Hello, friends! Thanksgiving approaches for those of us in the US, and I've got to say, it's a pretty awesome holiday. The main point of this holiday is to eat rich, homemade, slow-cooked comfort food made from recipes handed down from generation to generation and to eat in sufficient quantities so that you are too sleepy and contented to want to maim or kill your dysfunctional family. This year, Mr. Maise and I are hosting for the first time and will be roasting a dead turkey of our very own. In some ways, it will be nice not to have to cross state lines in order to get some lunch this Thursday, but it is also very intimidating and daunting, especially since we have approximately 5,000 hours of cleaning to do in our home in addition to all the food preparation.
So I figured it was definitely worth a look back at the Saul Williams show that Ro and I caught at the Double Door in October, especially since it was one of the strangest concert experiences I have had recently. I've got no audio-visual goodies for you for this one because that's normally Iris's area of expertise, plus venue security was being REALLY vigilant about cameras, so I wouldn't have gotten away with it anyway.
I will go to great lengths to see Saul Williams live. And when I say "great lengths," I mean staying out WAY too late on a weekday. I used to be quite the insomniac before I hit 30. Now I require a full 7-8 hours of sleep in order to feel remotely human the following morning. Yet when Saul performs in Chicago (with the exception of Lollapalooza), he tends to not take the stage earlier than 11:30 p.m. or midnight. By the time the show ends and I make it back to the 'burbs, it's usually around 1:30 or 2 in the morning, which means that I have to mainline caffeine to stay awake at my desk the following morning. (And I usually feel even MORE exhausted the morning after that, as my body tries to adjust to the violation of my circadian rhythms.) But Saul Williams is worth it. With his high energy level and his clear love for the music and the audience, he creates performances that always exhilarating and powerful and thought-provoking.
But this wasn't my favorite show of his, however.
He was headlining the Afro-Punk tour, which was playing at the Double Door, a lovely, intimate venue. Their audience was composed of 98% annoying white hipsters, which is an occupational hazard of performing in Wicker Park. Hollywood Holt performed first...he was a very entertaining rapper from Chicago, and I wish that he had had the more prominent set just before Saul Williams, as I much preferred him to American Fangs, which had a sort of generic rap/punk sound and seemed to be onstage for years.
Saul Williams appeared on stage around 11:00 or so in his typical warpaint and a turquoise-colored feather headdress. He opened the show with the same recitation of inspirational/revolutionary figures as he did at his Martyr's show back in 2008. This performance had a bit of a "been there, done that" feel to it, especially since he's not promoting a new album at this time. He played a lot of my favorites but didn't have as much energy as before, I thought. Maybe this particular tour is burning him out or he's getting bored with his first two albums, but the highlight of the show was clearly "Grippo," which he performed with his daughter Saturn, who appeared absolutely ecstatic to be onstage and to be up past her bedtime. He sang some of my favorites like "Black Stacey" and "Surrender (A Second to Think)" and "WTF" and "Skin of a Drum," but all I could think about, greedily, was what I was missing. Like "Sunday Bloody Sunday" and "Scared Money" and "NiggyTardust." He did play us a new song with much more intensity, and I was happy to hear that he's working on a new album.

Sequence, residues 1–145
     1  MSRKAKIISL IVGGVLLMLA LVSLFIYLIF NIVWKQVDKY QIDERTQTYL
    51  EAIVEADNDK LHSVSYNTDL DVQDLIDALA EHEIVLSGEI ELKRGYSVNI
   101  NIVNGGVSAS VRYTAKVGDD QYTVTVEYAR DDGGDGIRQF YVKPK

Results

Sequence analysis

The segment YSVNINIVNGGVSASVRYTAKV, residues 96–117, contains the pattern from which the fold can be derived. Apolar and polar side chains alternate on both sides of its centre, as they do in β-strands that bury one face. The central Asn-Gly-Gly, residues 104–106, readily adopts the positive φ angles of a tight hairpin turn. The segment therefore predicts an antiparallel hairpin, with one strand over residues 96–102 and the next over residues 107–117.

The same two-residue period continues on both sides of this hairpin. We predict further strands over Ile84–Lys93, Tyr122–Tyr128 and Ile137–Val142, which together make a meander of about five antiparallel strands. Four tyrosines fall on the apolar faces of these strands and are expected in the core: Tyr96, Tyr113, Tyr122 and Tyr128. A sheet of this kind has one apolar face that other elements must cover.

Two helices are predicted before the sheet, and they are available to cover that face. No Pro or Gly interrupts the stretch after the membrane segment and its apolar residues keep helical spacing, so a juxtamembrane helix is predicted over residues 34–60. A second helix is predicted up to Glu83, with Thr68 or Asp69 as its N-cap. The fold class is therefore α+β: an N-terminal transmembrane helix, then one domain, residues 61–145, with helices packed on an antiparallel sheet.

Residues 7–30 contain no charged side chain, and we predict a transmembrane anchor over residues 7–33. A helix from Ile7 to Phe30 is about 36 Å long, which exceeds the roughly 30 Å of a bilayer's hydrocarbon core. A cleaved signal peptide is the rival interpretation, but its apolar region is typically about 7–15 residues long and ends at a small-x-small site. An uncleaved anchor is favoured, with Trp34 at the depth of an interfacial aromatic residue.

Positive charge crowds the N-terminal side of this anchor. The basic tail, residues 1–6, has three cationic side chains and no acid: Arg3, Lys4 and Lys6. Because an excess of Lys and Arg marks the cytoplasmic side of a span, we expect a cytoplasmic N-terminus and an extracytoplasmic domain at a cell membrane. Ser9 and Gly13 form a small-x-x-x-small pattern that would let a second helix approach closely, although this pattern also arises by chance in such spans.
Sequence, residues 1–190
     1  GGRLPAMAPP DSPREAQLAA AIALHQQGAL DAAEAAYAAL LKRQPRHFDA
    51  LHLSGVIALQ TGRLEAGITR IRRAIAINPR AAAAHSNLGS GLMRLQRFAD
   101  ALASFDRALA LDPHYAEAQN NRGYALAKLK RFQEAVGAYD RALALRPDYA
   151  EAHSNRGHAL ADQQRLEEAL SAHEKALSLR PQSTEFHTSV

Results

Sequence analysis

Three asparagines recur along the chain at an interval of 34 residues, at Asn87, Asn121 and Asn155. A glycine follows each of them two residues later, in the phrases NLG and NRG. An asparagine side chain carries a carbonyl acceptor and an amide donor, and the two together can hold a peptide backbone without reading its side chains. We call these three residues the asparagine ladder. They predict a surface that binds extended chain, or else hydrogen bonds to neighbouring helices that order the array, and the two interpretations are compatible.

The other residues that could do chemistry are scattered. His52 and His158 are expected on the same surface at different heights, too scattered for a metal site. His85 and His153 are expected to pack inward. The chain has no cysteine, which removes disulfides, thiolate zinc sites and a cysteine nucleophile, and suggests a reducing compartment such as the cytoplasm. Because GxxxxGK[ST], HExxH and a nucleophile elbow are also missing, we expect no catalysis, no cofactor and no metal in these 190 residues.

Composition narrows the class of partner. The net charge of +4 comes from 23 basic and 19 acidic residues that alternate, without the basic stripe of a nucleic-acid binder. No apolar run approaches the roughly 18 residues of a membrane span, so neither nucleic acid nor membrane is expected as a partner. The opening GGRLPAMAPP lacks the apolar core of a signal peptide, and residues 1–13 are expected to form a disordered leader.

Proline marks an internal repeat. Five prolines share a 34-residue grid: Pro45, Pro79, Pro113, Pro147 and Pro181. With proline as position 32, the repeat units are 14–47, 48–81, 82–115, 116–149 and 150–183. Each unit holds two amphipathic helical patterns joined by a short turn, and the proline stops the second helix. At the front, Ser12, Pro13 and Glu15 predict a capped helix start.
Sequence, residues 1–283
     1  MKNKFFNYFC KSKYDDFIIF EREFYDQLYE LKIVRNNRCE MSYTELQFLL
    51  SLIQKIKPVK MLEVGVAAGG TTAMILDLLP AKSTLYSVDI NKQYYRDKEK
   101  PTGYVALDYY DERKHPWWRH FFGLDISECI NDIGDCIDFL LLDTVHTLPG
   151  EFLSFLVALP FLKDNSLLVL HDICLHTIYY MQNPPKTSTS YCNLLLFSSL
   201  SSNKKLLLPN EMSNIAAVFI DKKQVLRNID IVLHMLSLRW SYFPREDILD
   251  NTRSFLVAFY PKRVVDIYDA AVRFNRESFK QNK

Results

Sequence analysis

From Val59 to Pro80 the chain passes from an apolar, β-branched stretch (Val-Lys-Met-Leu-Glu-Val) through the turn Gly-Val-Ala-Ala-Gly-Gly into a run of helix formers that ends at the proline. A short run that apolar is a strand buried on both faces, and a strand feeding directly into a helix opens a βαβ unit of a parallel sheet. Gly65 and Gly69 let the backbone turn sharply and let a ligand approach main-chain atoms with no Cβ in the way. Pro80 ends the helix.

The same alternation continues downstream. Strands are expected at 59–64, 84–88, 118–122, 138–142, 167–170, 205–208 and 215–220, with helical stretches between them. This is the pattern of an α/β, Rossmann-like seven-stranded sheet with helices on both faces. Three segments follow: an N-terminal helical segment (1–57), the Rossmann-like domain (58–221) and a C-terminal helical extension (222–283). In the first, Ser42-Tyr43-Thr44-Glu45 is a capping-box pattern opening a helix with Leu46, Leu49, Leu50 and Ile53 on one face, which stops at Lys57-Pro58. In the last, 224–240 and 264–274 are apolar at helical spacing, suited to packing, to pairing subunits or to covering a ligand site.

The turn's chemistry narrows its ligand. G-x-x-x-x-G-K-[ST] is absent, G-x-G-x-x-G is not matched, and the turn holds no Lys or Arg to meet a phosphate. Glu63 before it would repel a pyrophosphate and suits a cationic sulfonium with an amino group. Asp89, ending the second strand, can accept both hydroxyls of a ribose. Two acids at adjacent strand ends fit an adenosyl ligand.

I mean, don't get me wrong...even a "meh" Saul Williams performance is better than most other acts, but it's nothing compared to when he's at the top of his game. A perfect example is "Tr(n)igger," which was an absolute EXPLOSION at Martyr's but didn't have nearly the same urgency and joy at the Double Door.
Then the show just got bizarre. CX Kidtronik, Saul's DJ sidekick, took the stage with his solo rap act, Krak Attack, while Saul took an extended break. Krak Attack seems to be a very jovial act--playing with the irony of various cheesy hip-hop cliches. For example, Kidtronik and his bandmates brought the ladies up on stage to do some dancing during their set. I believe they had a song comparing the relative virtues of white girls and black girls...or was it skinny girls vs. big girls? I don't remember. The point is, while all this was going on for a good 20 minutes or so, all I could think was, "Et tu, Saul? What the hell is this opening act nonsense in the middle of the damn show?! It is midnight!!!" I probably would have more patience for Krak Attack if they had appeared after Hollywood Holt, but I did not have the patience for them at that point, as I pondered whether it would even be worth it to stick around for Saul's return. I was not the only one, as Krak Attack's impromptu performance caused a mass exodus. I decided to stick it out, thinking that perhaps Saul would make it up to us. When he finally did return, we got a lively rendition of "List of Demands." Then it appeared that there would be more...but there wasn't. Show over. Huh?
I must confess, therefore, that I was not the happiest of campers after this show ended. I felt a bit cheated--feeling that Saul hadn't been quite at 100 percent for whatever reason and then annoyed that he surrendered his stage to Kidtronik for an inordinate period of time. I would gladly lose more sleep over Saul Williams, but next time I hope he gives it his all.